Proponents' sole contention is that the evidence is insufficient to sustain the special verdicts.
In a will contest, as in other cases, the credibility and weight of the evidence is for the trier of fact, and if there is substantial evidence to sustain the verdict or findings, an appellate court will not interfere (Estate of Teel, 25 Cal.2d 520, 154 P.2d 384; Estate of Lauth, 180 Cal.App.2d 313, 317, 4 Cal.Rptr. 764; Estate of Collin, 150 Cal.App.2d 702, 711, 310 P.2d 663).
Unsoundness of mind which will invalidate a will must be either ‘insanity of such broad character as to establish mental incompetency generally, or some specific and narrower form of insanity, under which the testator is the victim of some hallucination or delusion’ (Estate of Chevallier, 159 Cal. 161, 168, 113 P. 130, 133). The word ‘insanity’ has largely disappeared from the lexicon of the psychiatrist, and ‘psychosis' is the more modern substitute.
Here the only psychiatrists who testified agreed that decedent suffered from cerebral arteriosclerosis which had caused irreversible brain damage, resulting in psychotic reaction, and that this continued through the date of execution of the will in question. At the commitment hearing of June 16, testator was found to be mentally ill, and at the appointment of the guardian July 17, he was judicially determined to be incompetent within the meaning of the Probate Code, § 1460 et seq. While these determinations are not conclusive in the present proceeding, they may be considered (Estate of Wolf, 174 Cal.App.2d 144, 149, 344 P.2d 37).
If the jury determined that decedent lacked testamentary capacity on the dates of these determinations, it was a reasonable inference that the condition continued to the date of execution of the will (Estate of Fosselman, 48 Cal.2d 179, 186, 308 P.2d 336 and see Estate of Wolf, supra, 174 Cal.App.2d 144, 148, 344 P.2d 37.
Proponents rely strongly upon the decision in Estate of Alegria, 87 Cal.App.2d 645, 197 P.2d 571, which points up the quantum of evidence required to establish that a will stems from an insane delusion of the testator. We agree fully with the definition of insane delusion there given, requiring that such a delusion be the product of a disordered mind, and that it be one which cannot be accounted for upon any reasonable hypothesis. Proponents argue that the claimed delusion of testator that his son had him hospitalized in order to take testator's property had some possible basis, and therefore could not be an insane delusion within the holding of Alegria. There is much evidence that testator's belief was wholly delusional, but it is unnecessary to summarize it here, since Alegria is clearly dstinguishable from the case at bar. There the parties agreed that the sole issue was whether testatrix had an insane delusion that her son had attacked her, and there was no contention whatever that she was ‘of unsound mind in any general sense’ (87 Cal.App.2d at page 648, 197 P.2d at page 573). In the case at bar, there is a definite and well-supported claim that testator was of unsound mind in a general sense. Two court determinations and the testimony of two qualified psychiatrists support the jury's implied finding of such mental illness. Since the case does not turn solely on the issue of insane delusion, the language of Alegria is not applicable here. Other decisions relied upon by proponents are similarly distinguishable. In those decisions (Estate of Lingenfelter, 38 Cal.2d 571, 241 P.2d 990, 996, and cases there cited), contestants relied upon ‘isolated acts, foibles, idiosyncrasies, * * * or departures from the normal,’ to establish an incapacity first urged after death of the testator. Here his mental illness was medically and judicially determined during his lifetime and but shortly before his execution of the questioned will.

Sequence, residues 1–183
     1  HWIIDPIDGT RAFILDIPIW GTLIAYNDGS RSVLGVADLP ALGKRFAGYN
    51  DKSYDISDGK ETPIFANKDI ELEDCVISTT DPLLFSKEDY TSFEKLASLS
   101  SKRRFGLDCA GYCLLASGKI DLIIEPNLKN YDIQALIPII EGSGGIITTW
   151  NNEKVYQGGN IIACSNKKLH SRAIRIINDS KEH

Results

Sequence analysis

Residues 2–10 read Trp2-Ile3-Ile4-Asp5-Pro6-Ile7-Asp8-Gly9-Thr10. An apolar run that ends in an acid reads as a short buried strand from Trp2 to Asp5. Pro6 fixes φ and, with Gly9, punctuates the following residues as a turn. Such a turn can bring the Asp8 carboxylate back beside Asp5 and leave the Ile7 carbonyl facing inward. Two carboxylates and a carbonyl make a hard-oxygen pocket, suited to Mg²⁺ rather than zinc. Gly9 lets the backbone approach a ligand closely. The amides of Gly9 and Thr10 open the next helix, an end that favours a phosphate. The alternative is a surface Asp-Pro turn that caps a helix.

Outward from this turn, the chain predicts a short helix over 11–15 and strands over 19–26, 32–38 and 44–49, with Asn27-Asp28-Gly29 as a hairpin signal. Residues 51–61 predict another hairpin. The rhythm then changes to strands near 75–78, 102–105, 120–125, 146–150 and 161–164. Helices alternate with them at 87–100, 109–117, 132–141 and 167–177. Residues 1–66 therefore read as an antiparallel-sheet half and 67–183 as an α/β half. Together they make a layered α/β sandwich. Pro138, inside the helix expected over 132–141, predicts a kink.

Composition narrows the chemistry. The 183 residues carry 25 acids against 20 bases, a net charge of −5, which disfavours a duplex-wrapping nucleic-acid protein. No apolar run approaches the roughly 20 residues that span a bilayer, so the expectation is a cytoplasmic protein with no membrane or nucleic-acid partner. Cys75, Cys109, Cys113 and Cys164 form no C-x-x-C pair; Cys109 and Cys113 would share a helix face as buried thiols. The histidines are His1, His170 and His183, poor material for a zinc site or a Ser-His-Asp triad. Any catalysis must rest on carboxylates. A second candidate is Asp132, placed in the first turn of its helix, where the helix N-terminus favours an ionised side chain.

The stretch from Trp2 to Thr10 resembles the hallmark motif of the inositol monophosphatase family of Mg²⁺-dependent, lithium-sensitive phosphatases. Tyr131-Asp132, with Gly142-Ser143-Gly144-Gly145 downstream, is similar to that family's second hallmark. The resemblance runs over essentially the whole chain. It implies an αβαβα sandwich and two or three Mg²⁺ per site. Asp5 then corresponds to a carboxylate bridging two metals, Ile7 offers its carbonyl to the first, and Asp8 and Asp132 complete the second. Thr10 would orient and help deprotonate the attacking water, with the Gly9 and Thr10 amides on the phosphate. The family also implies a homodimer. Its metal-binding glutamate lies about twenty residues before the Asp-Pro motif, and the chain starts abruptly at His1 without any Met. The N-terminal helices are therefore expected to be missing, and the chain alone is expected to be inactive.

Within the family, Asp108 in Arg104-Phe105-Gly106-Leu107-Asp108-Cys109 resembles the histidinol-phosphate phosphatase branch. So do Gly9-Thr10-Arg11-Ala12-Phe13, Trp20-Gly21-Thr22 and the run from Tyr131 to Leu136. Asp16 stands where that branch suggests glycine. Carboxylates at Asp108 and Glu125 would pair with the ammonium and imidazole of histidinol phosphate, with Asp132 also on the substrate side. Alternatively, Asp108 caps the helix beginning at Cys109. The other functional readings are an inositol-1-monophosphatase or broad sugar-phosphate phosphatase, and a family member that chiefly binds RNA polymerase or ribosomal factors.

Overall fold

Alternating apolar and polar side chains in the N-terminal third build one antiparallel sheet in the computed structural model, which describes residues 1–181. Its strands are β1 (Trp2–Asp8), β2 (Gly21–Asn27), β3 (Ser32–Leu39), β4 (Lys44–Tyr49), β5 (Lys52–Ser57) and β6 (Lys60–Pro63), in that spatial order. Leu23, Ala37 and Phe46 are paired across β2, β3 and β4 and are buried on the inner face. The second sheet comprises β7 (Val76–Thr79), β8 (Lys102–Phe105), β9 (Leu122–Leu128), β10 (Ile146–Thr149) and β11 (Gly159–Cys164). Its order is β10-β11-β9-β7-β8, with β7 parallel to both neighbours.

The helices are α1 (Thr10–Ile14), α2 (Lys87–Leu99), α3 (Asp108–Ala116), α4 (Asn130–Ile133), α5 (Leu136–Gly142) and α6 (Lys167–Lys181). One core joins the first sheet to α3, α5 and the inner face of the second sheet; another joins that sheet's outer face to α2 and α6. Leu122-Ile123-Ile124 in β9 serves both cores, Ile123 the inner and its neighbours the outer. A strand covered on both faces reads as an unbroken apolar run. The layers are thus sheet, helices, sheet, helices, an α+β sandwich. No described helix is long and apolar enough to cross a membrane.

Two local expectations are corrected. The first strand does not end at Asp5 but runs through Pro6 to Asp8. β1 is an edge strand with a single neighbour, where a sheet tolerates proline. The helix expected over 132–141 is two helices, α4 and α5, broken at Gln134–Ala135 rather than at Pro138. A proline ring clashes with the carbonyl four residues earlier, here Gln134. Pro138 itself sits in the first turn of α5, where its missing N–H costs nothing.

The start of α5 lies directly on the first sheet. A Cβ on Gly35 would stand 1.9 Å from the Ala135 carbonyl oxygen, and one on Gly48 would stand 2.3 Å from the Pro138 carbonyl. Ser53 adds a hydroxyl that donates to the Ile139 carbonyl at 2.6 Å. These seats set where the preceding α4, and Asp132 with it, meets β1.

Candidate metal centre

We conclude that the evidence amply supports the verdict finding testator to be of unsound mind when the will was executed. Thus it is unnecessary to consider the issue of undue influence.
KAUFMAN, P. J., and SHOEMAKER, J., concur.